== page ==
Refining & Trading

Oil Climbs  | Rigzone


Oil Climbs

Oil climbed for a third day in the longest run of gains in three weeks.

(Bloomberg) — Oil climbed for a third day in the longest run of gains in three weeks as falling U.S. gasoline stockpiles supported the demand outlook and simmering tensions in the Middle East kept investors on edge.

Futures in New York rose as much as 0.9% after adding 1.6% over the previous two sessions. American gasoline inventories dropped by 1.12 million barrels last week, more than three times as much as forecast, official data showed Wednesday. Saudi Arabia restarted its main cross-country oil pipeline after a drone attack by Iran-backed rebels, while the U.S. ordered all non-emergency staff to leave Iraq due to an “increased threat stream.”

The attacks on the pipeline and oil tankers in recent days have highlighted the vulnerability of energy infrastructure to a major conflict in the Middle East as relations between the U.S. and Iran deteriorate. Washington and Beijing’s intensifying trade war has kept a lid on price gains, while a meeting of the Organization for Petroleum Exporting Countries and its allies in Jeddah this weekend will be watched for clues on whether output cuts will be extended.

“Prices are supported as the regional conflict in the Middle East is continuing to stay heightened when global supplies are tight,” said Sungchil Will Yun, a commodities analyst at HI Investment & Futures Corp. in Seoul. “With the uncertainty surrounding the situation in the Gulf, there’s a lack of bearish factors in the short term.”

West Texas Intermediate crude for June delivery increased 38 cents, or 0.6%, to $62.40 a barrel on the New York Mercantile Exchange at 2:37 p.m. in Singapore. It’s headed for the highest close in more than two weeks after finishing up 0.4% on Wednesday.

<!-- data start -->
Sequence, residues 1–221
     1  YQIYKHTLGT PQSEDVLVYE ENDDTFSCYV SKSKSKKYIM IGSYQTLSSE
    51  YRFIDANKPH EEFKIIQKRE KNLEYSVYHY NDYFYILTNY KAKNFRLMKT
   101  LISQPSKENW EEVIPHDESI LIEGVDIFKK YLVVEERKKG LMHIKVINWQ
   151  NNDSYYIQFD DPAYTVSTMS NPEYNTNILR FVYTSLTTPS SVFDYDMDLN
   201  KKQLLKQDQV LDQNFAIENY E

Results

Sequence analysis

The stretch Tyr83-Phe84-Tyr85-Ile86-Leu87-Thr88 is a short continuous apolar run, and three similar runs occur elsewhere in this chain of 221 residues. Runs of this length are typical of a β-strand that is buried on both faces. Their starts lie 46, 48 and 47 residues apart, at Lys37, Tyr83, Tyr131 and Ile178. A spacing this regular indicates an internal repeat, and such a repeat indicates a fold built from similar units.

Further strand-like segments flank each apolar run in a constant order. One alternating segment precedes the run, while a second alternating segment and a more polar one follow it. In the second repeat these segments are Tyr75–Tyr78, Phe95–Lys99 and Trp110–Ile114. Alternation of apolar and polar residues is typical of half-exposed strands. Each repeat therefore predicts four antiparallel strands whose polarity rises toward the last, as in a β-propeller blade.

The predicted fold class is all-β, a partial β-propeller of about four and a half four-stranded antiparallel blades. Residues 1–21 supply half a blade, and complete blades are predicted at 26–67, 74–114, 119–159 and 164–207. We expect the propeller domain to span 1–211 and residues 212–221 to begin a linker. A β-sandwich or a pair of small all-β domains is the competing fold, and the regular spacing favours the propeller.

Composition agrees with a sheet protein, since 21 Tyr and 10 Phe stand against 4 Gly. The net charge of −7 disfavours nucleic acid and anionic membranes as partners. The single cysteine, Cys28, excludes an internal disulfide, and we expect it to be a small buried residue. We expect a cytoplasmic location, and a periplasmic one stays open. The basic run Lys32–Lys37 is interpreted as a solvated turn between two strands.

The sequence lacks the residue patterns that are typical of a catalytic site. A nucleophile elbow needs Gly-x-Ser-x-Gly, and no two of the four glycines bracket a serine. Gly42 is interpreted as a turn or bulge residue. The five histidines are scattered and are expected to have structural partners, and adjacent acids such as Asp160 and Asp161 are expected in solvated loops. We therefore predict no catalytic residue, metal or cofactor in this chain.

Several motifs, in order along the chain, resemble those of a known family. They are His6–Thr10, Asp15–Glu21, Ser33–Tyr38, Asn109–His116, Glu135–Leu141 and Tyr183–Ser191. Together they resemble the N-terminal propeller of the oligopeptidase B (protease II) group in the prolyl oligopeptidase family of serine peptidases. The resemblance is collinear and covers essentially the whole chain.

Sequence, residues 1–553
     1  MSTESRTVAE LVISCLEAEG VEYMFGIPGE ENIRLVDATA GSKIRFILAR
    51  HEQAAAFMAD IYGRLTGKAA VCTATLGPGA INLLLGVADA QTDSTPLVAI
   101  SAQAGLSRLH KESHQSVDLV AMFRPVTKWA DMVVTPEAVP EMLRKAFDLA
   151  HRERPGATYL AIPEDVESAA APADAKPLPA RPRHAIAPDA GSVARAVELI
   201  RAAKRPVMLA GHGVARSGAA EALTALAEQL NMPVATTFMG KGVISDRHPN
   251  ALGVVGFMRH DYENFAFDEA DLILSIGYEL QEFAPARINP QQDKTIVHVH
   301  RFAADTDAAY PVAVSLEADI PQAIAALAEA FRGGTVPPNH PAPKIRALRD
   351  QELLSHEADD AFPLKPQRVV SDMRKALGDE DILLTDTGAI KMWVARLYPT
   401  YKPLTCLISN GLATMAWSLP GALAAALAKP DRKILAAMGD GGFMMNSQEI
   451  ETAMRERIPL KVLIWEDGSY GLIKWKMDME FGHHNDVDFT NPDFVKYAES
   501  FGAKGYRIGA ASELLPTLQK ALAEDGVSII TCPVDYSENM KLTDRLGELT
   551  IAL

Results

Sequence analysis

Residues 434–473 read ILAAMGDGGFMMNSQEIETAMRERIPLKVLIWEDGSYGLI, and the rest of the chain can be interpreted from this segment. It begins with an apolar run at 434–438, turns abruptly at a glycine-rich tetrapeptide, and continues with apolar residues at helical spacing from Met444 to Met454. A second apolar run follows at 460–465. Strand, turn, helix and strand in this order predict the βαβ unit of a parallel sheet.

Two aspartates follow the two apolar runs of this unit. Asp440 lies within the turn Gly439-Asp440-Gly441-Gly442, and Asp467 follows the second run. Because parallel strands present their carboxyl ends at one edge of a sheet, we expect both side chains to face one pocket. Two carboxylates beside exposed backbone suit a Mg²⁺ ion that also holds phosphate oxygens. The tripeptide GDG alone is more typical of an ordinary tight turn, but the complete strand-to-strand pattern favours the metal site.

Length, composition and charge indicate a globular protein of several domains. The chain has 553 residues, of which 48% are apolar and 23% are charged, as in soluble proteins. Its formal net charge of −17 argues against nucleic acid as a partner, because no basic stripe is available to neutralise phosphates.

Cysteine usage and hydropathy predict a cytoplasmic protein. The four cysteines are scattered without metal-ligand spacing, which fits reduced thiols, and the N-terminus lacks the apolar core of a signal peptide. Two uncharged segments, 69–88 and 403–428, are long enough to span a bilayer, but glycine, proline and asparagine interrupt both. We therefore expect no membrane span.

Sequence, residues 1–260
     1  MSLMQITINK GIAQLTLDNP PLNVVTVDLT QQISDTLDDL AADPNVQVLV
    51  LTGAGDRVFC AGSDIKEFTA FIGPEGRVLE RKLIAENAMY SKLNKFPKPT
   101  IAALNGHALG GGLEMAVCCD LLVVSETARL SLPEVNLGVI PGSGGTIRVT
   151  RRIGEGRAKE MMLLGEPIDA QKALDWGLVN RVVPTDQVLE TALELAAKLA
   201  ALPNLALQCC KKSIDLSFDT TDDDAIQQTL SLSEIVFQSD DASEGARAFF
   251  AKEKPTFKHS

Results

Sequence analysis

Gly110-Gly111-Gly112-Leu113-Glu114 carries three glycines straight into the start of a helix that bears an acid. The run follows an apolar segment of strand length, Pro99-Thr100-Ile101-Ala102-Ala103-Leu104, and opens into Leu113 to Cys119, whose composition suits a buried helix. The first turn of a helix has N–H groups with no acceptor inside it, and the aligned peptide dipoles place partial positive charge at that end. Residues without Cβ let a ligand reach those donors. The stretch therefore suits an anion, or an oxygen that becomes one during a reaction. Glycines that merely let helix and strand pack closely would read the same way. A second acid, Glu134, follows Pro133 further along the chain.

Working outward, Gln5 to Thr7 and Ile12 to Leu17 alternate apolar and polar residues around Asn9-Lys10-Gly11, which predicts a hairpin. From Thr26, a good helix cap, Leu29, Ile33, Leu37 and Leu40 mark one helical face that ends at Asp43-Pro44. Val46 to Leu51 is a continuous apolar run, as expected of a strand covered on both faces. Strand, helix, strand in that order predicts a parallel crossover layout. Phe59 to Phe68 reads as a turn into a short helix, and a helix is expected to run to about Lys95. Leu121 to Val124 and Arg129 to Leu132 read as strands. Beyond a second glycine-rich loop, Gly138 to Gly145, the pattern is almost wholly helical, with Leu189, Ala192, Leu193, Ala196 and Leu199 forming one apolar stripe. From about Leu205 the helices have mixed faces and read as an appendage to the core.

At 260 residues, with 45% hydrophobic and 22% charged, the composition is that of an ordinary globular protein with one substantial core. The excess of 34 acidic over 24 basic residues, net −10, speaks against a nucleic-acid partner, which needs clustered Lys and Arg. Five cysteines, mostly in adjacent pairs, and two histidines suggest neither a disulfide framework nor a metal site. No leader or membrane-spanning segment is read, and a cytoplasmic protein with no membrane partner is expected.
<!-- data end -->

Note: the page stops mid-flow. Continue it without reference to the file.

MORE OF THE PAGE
Brent for July settlement rose 38 cents, or 0.5%, to $72.15 a barrel on the London-based ICE Futures Europe exchange after advancing 0.7% on Wednesday. The global crude benchmark traded at a $9.54 premium to WTI, near the widest gap since February.

While American gasoline inventories fell last week, nationwide crude stockpiles increased by more than 5.4 million barrels to 472 million barrels, according to the Energy Information Administration data. Inventories at the storage hub of Cushing rose for a fourth week.

The tension in the Middle East has risen this month after the White House moved to try and squeeze Iranian oil exports to zero. Most employees at the U.S. embassy in Baghdad and the consulate in Erbil, in the majority Kurdish region, will leave, according to an embassy statement Wednesday that didn’t give more details. Meanwhile, the Iraqi oil ministry denied a report that Exxon Mobil Corp. employees were being pulled out of the country.

The OPEC+ technical and monitoring committees gather in Saudi Arabia this weekend for a meeting that won’t include Iran. Russian Energy Minister Alexander Novak said the group plans to discuss the output reduction agreement. That was after OPEC Secretary-General Mohammad Barkindo said it was too early to talk about extending the production cuts and a decision would be made at the ministerial meeting in June.

–With assistance from James Thornhill.To contact the reporter on this story: Sharon Cho in Singapore at ccho28@bloomberg.net To contact the editors responsible for this story: Serene Cheong at scheong20@bloomberg.net Andrew Janes





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